Tuesday, September 30, 2014

Royal Cousins at War DVD Review

Reviewed by Allie Schembra
At the outbreak of World War I, three cousins reigned over Europe’s greatest powers – Tsar Nicholas II of Russia, Kaiser Wilhelm II of Germany and King George V of England. This two-part series looks at the role played by the three monarchs, and their relationships with each other, in the outbreak of war. Mismanaging their countries and mishandling foreign policy, they failed to adapt to the forces of nationalism and democracy, and so brought tumbling down their own ideal of a Europe governed by the descendants of Queen Victoria. While it was war that delivered the final blow, this fascinating series shows how the problems had set in much earlier.

Show (4 out of 5 stars)
Told through letters, photographs and video, Royal Cousins at War is a very good history of the three most important rulers in Europe over the last few centuries – King George V, Tsar Nicholas II and Kaiser Wilhelm II. The two part series tells of the rise of these three kings through the onset of World War One in 1914. 

Part One: A House Divided – In part one of this two part series, scholars and historians look back at the late 19th century/early 20th century rise of Europe’s monarchs. This hour-long episode narrates the lives of Kaiser Wilhelm II, King George V, and Tsar Nicholas II. From their births, to the death of their grandmother, Queen Victoria of England, Wilhelm, George and Nicholas had quite the hot and cold relationship. Wilhelm, being German was seen as the outsider after the takeover of parts of Denmark and was not invited to the royal summer gatherings. As he grew, Wilhelm, who was born with a disability, jumped from Russian alliance to British alliance, and only tried to fit in with his much more popular cousins.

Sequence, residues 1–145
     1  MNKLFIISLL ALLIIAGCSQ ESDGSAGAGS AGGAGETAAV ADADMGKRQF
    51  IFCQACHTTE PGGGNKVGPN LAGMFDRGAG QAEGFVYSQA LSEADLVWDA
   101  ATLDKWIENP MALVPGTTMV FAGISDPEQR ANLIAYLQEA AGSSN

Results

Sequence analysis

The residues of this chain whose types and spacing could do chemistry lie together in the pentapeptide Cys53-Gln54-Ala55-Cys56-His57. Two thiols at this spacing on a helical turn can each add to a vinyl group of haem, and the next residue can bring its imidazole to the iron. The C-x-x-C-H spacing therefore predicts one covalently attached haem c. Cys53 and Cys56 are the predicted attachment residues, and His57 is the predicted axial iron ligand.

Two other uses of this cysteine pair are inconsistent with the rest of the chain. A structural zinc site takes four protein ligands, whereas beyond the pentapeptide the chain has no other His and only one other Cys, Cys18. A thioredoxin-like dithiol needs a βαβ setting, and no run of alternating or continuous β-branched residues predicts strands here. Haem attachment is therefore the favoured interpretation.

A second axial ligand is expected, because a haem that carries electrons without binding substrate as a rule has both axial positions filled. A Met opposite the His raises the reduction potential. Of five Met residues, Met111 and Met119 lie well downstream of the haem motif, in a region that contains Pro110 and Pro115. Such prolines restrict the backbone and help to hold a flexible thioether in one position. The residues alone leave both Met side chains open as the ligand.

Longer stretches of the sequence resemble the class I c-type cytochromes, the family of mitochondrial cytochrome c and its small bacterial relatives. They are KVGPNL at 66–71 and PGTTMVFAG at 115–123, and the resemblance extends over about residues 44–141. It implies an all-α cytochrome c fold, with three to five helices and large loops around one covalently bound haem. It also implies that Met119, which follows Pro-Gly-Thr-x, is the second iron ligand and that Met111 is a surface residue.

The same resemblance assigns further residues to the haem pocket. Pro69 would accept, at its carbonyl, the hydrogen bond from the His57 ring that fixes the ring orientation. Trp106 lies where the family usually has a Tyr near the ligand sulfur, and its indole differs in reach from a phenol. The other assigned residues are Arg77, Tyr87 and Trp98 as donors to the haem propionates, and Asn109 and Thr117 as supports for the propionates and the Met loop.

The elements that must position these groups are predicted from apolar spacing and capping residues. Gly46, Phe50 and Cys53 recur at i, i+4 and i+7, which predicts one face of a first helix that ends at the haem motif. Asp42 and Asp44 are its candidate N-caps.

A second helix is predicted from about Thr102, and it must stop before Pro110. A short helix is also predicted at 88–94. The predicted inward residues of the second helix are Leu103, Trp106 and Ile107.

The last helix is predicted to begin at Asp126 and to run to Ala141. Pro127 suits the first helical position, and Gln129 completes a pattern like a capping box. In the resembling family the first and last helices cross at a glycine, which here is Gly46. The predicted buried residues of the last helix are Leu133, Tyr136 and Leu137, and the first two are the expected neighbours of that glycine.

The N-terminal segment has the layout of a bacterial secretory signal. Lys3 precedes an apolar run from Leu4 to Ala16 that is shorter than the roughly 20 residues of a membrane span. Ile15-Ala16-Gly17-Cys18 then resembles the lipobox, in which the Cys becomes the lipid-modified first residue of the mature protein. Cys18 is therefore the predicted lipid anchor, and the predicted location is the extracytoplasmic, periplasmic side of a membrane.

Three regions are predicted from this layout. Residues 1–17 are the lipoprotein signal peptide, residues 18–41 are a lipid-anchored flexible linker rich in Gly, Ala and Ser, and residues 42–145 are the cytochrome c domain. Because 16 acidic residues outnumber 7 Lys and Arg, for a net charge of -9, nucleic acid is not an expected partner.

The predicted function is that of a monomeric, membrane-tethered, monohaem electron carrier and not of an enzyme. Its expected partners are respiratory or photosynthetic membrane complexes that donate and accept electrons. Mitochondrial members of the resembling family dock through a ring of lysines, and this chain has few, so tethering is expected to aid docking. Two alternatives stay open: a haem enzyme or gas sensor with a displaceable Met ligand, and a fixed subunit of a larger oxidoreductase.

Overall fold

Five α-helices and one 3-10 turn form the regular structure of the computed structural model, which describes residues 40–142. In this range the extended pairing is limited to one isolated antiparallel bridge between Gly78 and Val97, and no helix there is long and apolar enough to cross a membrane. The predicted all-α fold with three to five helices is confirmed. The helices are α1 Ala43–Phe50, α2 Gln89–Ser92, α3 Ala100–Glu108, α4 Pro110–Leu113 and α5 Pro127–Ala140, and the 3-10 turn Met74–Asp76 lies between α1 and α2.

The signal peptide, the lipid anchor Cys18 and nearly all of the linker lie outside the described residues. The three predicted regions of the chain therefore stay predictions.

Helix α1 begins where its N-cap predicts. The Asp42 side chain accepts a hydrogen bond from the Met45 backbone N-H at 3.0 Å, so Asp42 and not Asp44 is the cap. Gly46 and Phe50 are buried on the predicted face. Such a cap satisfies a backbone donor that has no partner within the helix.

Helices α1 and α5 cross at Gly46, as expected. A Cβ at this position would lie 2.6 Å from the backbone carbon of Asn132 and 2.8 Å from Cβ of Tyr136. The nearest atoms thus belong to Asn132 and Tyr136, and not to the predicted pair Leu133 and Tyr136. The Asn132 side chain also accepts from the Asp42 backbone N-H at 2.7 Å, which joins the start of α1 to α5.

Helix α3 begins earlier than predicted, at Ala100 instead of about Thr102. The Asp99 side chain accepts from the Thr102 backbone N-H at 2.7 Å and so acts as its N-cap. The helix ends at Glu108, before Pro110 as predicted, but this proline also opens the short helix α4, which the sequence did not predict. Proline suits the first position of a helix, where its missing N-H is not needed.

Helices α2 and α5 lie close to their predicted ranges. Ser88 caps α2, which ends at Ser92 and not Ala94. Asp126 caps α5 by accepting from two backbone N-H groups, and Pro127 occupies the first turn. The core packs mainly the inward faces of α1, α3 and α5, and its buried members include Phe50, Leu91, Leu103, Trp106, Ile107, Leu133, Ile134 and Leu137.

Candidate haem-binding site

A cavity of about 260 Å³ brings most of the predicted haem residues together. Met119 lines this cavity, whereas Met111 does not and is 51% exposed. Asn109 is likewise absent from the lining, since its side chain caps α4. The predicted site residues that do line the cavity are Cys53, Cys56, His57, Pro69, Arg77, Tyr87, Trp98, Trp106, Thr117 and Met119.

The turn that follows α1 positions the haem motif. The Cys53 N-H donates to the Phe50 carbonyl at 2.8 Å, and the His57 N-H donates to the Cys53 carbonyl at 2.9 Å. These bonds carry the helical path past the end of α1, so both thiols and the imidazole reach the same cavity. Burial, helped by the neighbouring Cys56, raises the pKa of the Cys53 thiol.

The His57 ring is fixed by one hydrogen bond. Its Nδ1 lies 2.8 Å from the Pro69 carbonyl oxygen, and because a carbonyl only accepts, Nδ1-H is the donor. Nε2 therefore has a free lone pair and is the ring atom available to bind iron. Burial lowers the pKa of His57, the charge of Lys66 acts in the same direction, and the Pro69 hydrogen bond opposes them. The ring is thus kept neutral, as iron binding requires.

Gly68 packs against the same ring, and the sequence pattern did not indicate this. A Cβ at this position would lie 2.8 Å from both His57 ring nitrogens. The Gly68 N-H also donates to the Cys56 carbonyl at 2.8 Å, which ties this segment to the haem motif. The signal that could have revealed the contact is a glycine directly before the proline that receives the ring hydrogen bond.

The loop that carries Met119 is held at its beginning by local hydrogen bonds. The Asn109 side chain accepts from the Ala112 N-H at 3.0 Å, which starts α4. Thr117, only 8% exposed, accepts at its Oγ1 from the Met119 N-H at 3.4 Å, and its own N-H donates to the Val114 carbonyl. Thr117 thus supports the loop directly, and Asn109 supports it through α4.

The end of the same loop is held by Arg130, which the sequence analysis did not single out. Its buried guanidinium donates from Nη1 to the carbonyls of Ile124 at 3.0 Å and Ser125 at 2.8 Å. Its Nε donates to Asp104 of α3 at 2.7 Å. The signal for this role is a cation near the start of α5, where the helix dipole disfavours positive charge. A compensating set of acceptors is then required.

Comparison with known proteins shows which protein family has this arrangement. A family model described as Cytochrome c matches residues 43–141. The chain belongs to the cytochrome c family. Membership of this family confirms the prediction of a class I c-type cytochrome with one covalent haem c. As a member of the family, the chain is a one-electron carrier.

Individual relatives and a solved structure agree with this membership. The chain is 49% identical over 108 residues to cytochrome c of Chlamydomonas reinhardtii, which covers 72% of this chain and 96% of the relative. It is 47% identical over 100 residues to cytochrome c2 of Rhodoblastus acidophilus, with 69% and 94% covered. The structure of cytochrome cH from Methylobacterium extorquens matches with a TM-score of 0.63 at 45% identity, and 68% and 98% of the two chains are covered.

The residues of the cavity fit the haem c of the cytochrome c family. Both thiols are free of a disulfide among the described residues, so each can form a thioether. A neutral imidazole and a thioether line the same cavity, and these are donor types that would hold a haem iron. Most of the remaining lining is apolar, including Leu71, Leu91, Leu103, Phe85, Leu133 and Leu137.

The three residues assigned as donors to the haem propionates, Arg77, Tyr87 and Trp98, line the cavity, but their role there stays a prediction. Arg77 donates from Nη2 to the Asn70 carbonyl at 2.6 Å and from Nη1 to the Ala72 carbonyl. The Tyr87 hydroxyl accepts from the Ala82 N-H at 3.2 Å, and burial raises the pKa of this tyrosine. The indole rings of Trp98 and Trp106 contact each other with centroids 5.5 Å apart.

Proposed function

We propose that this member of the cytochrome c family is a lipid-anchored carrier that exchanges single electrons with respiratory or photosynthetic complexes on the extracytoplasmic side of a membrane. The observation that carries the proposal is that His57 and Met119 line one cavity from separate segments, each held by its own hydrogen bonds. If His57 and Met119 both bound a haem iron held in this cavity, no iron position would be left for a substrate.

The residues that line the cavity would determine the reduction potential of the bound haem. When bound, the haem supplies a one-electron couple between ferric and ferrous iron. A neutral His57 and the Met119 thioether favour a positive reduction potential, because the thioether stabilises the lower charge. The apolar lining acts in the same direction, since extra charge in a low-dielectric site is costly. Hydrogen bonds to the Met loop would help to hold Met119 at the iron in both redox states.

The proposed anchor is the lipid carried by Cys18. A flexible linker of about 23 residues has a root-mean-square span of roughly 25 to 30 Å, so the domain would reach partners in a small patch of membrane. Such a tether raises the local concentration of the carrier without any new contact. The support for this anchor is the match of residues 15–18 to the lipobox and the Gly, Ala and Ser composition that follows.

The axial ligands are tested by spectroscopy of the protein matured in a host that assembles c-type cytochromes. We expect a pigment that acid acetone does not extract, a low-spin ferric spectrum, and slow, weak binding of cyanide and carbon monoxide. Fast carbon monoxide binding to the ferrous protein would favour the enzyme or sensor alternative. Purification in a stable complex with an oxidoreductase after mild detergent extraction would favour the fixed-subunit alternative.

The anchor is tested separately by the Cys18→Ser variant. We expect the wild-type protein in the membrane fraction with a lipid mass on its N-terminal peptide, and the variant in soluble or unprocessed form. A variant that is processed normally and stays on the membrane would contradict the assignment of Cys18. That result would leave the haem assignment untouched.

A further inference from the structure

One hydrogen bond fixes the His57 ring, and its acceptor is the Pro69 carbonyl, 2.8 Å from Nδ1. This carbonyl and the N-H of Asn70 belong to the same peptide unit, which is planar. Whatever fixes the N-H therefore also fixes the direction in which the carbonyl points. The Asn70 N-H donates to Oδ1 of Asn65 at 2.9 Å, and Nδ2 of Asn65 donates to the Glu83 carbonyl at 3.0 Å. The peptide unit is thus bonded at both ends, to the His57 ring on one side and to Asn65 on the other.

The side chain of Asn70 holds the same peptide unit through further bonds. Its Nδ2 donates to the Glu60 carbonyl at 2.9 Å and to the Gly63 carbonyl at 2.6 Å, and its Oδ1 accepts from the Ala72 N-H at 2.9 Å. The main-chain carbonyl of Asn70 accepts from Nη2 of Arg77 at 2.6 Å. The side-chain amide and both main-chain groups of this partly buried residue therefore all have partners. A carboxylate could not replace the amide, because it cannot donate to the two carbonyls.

When Tsar Alexander, Nicholas’ father died, Nicholas ascended to the throne at the age of 26. He felt he was not ready, but was coronated next to his wife, Tsarina Alexandra, another of Queen Victoria’s grandchildren. The Tsarina was born German, so Wilhelm believed her loyalties should lie there. However, Alexandra considered herself British, and shunned Wilhelm and the Germans. When Wilhelm’s father died, he ascended to the throne, but became a reckless king. As Queen Victoria grew weaker, Wilhlem rushed to her side and was with her when she died. With Queen Victoria gone, the family dynamics changed.

Part Two: Into the Abyss – Part two of the series the scholars and historians continue discussing the lives of Wilhelm and Nicholas. As the two royals grew older, the cousins grew apart as Nicholas begins a war against Japan in the beginning of the 20th Century; Nicholas’ reign barely survives a civil war; and Wilhelm continues trying to fit in to his family. After the defeats in Japan and in the civil war, Nicholas retreated to his home in St. Petersburg with his family. Shown through personal family home videos and photographs, Nicholas was a true family man. When George V ascended to the British throne, Nicholas was the first to write him a letter of support and advice. As time passed, the reigns of these three cousins and monarchs, clashed until world events resulted in World War One, and each monarch had to choose a side… which for Nicholas, ended with his and his family’s execution in 1917.

I really enjoyed this series. As someone who has extensively studied Russian history, I found the use of the letters, photographs and home videos interesting and eye-opening. The narration was great, and the stories told flowed perfectly with the old information. Many times, with documentaries, there are terrible reenactments, but this was not the case. There were no reenactments, only comments from scholars and historians supplemented with the narration, photos and other media available.
Video (4 out of 5 stars)
The 16x9 anamorphic wide-screen presentation of Royal Cousins at War was very good. The use of film and photographs more than 100 years old was wonderful. The picture was clear and the colors in the interview portions were sharp and bright.
Audio (4 out of 5 stars)
The stereo presentation of Royal Cousins at War was good. The narration was clear and concise and the volume level was very good. The reading of the private letters between the royals was good and the use of the old film sound was really clear. English SDH subtitles are also available, if needed.
Extras (0 out of 5 stars)
There are no special features on the DVD.
Summary (3 out of 5 stars)
Because of the lack of special features, the score is lower than I think it should be. But taking all aspects into account, the score is lowered. However, BBC puts out great documentaries and I always enjoy watching them. They are interesting and educational and definitely hold my attention. Royal Cousins at War is a documentary I will keep in my library and watch again. For history buffs, this is a great one to watch!

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